Regarding the message on your page
"system which attempts to do without any practice of critical judgement and expertise on the part of the editors will...drive away expertise.." That's the point, don't you see? Self-proclaimed experts on Wikipedia are not to be trusted. That's exactly what the system is trying to prevent, "original research," and for good reason. Wikipedia is simply a central repository for already-published information. It is not the editor's place to judge the truth of the information, and selectively input what he thinks is true and censor what he thinks is false. That defeats the whole idea of Wikipedia, including the policy of NPOV. Operation Spooner (talk) 06:32, 7 March 2008 (UTC)
- Alas, what you describe is not what Wikipedia pretends to be. If Wikipedia would acknowledge that truth is the first casualty of their policies, there wouldn't be a problem. But it really isn't a questions of "self-proclaimed" experts in the case of our most recent conflict. It's a case of poorly researched material overwhelming well-researched material, of baseless assertions naturally being unchallenged, since nobody who had a clue would have made the claim in the first place. Libertatia (talk) 19:58, 7 March 2008 (UTC)
Preamble to a profile
Greetings, Mr. Wilbur. As you are no doubt aware, articles on anarchist and libertarian topics come under assault on Wikipedia every now and again as "non-notable". If they do not seem to have enough attention from reliable or notable sources, they risk deletion. I'm sure you remember Wikipedia:Articles for deletion/Roderick T. Long and Wikipedia:Articles for deletion/Charles W. Johnson (philosopher). As someone who thinks the encyclopaedia is very much damaged by the removal of quality material on such figures, I've tried to come up with ways to combat it. One problem is that your average Wikipedian (i.e. "twelve year olds, convenience store clerks and failed grad students") don't know much about the field, and can't recognise when someone is noteworthy. The matter then rests with the perceived quality/authority of the sources which cover the topic.
I've come up with two ways to better educate/influence opinion on Wikipedia about sources on anarchist/libertarian topics. One is to provide a guideline on which sources are reliable, with justifications based on our policy (this guideline recently started at WP:ANCITE, at which your expertise is more than welcome). The second method is to add or develop articles on anarchist/libertarian sources; in recent months I've added Todd May, Lewis Call, Spunk Library, Anarchist Studies, Alternative Press Review, Lawrence Jarach and Andrej Grubacic. Aside from the encyclopaedic value of these articles themselves, having an article on Wikipedia gives them credibility as sources; especially as self-published sources (i.e. web-based sources). By way of example, I wrote the (admittedly bare) Dyer Lum article, and had its nomination for Good article status (and the wider audience that confers) thwarted because most of it was referenced to a blog. Only because I was able to point the reviewer to our article on the author of the blog, Kevin Carson, was it accepted as a source.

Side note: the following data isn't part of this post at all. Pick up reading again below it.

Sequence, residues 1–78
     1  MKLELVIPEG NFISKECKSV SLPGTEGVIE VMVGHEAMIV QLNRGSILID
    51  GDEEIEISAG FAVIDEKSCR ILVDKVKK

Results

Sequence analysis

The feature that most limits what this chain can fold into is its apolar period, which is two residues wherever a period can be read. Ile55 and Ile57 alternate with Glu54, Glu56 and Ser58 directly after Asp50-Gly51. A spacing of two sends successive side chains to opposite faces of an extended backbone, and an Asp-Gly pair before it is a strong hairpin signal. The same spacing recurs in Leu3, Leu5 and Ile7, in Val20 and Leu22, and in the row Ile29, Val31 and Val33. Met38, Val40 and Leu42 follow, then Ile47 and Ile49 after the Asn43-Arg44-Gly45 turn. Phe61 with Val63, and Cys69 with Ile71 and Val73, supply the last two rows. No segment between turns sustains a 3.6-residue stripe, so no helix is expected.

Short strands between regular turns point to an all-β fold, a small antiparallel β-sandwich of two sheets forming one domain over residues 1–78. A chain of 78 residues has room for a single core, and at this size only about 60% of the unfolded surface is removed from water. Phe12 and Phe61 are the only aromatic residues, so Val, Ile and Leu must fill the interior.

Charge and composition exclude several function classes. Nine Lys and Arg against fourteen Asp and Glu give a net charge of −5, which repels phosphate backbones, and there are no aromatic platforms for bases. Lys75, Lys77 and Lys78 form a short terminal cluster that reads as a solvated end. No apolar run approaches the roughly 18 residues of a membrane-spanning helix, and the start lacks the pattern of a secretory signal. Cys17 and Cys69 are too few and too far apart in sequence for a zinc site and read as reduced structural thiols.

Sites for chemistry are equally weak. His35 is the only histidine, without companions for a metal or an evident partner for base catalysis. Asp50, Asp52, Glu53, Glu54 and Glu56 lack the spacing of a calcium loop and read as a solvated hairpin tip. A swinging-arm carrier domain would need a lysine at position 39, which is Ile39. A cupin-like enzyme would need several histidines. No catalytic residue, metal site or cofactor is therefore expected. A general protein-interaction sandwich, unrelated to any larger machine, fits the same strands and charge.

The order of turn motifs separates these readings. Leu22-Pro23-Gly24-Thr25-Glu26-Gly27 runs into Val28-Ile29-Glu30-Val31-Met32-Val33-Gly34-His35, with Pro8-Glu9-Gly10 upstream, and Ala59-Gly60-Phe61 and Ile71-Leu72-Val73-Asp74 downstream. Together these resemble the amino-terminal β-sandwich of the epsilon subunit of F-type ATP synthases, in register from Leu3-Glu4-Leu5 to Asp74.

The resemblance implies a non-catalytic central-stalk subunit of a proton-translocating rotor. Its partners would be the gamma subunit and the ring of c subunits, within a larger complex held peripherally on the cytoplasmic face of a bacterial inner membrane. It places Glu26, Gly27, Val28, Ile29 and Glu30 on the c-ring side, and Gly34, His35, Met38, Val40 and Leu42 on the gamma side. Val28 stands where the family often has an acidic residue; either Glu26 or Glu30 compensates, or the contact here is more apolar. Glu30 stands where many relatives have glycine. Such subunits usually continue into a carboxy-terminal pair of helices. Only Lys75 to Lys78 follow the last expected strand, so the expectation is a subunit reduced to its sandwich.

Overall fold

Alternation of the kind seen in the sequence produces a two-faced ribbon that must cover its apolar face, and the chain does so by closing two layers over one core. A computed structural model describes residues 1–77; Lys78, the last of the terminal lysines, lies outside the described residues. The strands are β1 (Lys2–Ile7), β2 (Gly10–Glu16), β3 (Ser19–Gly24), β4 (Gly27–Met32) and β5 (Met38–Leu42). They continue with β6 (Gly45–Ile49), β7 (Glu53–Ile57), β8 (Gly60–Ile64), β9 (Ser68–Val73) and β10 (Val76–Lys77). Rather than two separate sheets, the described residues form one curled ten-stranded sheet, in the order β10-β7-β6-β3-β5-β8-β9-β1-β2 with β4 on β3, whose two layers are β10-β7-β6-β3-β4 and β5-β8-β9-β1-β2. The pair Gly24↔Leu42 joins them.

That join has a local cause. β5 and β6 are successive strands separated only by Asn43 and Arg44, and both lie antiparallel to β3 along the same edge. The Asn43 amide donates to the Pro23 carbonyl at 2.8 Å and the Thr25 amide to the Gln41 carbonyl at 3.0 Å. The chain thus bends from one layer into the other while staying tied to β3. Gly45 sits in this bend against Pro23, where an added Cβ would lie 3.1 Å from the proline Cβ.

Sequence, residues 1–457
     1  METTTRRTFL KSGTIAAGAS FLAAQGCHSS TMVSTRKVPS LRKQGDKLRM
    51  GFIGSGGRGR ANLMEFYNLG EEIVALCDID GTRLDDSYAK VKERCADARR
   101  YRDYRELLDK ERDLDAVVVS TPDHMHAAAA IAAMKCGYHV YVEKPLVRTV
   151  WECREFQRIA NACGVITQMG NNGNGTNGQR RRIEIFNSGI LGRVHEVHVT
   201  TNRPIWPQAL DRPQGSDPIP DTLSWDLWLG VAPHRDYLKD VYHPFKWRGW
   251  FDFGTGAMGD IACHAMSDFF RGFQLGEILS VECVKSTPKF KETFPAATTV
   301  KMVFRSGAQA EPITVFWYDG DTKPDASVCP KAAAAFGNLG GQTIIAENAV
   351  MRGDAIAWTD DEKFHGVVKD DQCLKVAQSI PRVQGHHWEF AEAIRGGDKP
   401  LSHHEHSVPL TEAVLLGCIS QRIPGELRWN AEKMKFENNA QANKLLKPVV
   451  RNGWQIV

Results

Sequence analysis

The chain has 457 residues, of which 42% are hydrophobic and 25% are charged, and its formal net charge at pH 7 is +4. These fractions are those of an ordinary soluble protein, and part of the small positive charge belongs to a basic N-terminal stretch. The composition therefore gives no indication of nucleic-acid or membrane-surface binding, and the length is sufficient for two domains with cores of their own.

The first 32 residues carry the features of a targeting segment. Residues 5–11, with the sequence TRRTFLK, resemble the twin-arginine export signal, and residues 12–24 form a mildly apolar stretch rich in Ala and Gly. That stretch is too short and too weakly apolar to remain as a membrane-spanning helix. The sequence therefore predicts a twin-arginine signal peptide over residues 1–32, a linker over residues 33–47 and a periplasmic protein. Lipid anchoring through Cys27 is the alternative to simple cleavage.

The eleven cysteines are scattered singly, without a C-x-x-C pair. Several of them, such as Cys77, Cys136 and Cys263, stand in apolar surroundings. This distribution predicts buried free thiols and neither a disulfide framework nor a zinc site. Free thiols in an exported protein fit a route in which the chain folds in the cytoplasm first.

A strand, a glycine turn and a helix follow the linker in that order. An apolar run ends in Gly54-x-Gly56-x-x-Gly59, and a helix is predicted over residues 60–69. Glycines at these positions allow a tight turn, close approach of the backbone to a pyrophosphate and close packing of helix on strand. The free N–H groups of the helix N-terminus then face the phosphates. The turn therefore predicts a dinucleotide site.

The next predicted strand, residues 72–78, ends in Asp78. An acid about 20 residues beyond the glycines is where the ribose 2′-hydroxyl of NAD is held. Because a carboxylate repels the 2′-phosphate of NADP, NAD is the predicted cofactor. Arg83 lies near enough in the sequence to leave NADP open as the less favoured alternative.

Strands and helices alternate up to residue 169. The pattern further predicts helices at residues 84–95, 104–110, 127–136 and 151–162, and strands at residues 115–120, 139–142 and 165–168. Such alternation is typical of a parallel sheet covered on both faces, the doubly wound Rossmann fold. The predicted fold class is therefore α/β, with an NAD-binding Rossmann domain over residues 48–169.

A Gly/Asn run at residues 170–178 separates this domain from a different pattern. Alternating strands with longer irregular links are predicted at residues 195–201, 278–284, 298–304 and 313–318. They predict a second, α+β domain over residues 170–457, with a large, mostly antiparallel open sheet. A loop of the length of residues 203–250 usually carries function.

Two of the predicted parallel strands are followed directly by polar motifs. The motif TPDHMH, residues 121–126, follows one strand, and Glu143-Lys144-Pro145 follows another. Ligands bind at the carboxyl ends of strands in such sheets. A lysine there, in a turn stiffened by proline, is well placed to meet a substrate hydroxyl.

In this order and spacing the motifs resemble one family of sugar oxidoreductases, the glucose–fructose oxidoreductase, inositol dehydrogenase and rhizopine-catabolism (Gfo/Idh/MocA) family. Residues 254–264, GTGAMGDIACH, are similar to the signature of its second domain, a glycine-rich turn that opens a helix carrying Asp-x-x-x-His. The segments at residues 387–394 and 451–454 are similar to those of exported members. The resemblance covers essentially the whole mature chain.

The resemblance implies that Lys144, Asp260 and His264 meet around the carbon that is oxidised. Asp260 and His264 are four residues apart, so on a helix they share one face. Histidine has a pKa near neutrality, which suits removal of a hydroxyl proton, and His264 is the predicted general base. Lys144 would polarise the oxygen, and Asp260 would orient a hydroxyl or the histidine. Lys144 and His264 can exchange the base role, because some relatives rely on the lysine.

I realise that you don't contribute to Wikipedia as often as before and you can't be expected to help out here with these efforts, but I do have one request. I did some looking around online, and am convinced that there is enough coverage of you and your work to merit an article here. If we had an article on you that established your credentials, your work – including blog posts etc. – could then be used to reference and expand other articles. This strategy has a cascading effect; "Carson is noted as an expert by the attention in the Journal of Libertarian Studies. Wilbur is a noted expert because his scholarship has been highly praised by Carson. Destutt-Tracy is notable because he has been given non-trivial coverage by Wilbur." However, given the possibility that articles can be used for slander, invasion of privacy etc., I wanted to make sure you don't object to Wikipedia having an article on you. If you don't mind the ego-massage, then I could use some help in one regard: basic biographical information. Although I could find plenty of scholarly references, I couldn't find a page with a few paragraphs on who you are and what you've done, your institutional affiliations and publication credits and so on. If you could put one up, on your blog or personal website perhaps, I could write a decent stub article in a couple of minutes. Let me know what you think of the idea.
Regards, Skomorokh 03:30, 30 July 2008 (UTC)
Property is theft
Yes, it concerns me. We have got to a point where every one of our errors is made to look like it is supported by one or more published sources (your user page didn't say "not for stealing", you see...) However, I think doing the things you say will not be challenged. The reason we cannot is because of page protection, and the reason for page protection is an edit war, and the reason for the edit war has nothing to do with the fact that Proudhon or Marx is badly presented. Rather, the situation is as I have said on the article's talk page. --EmbraceParadox (talk) 19:10, 31 July 2008 (UTC)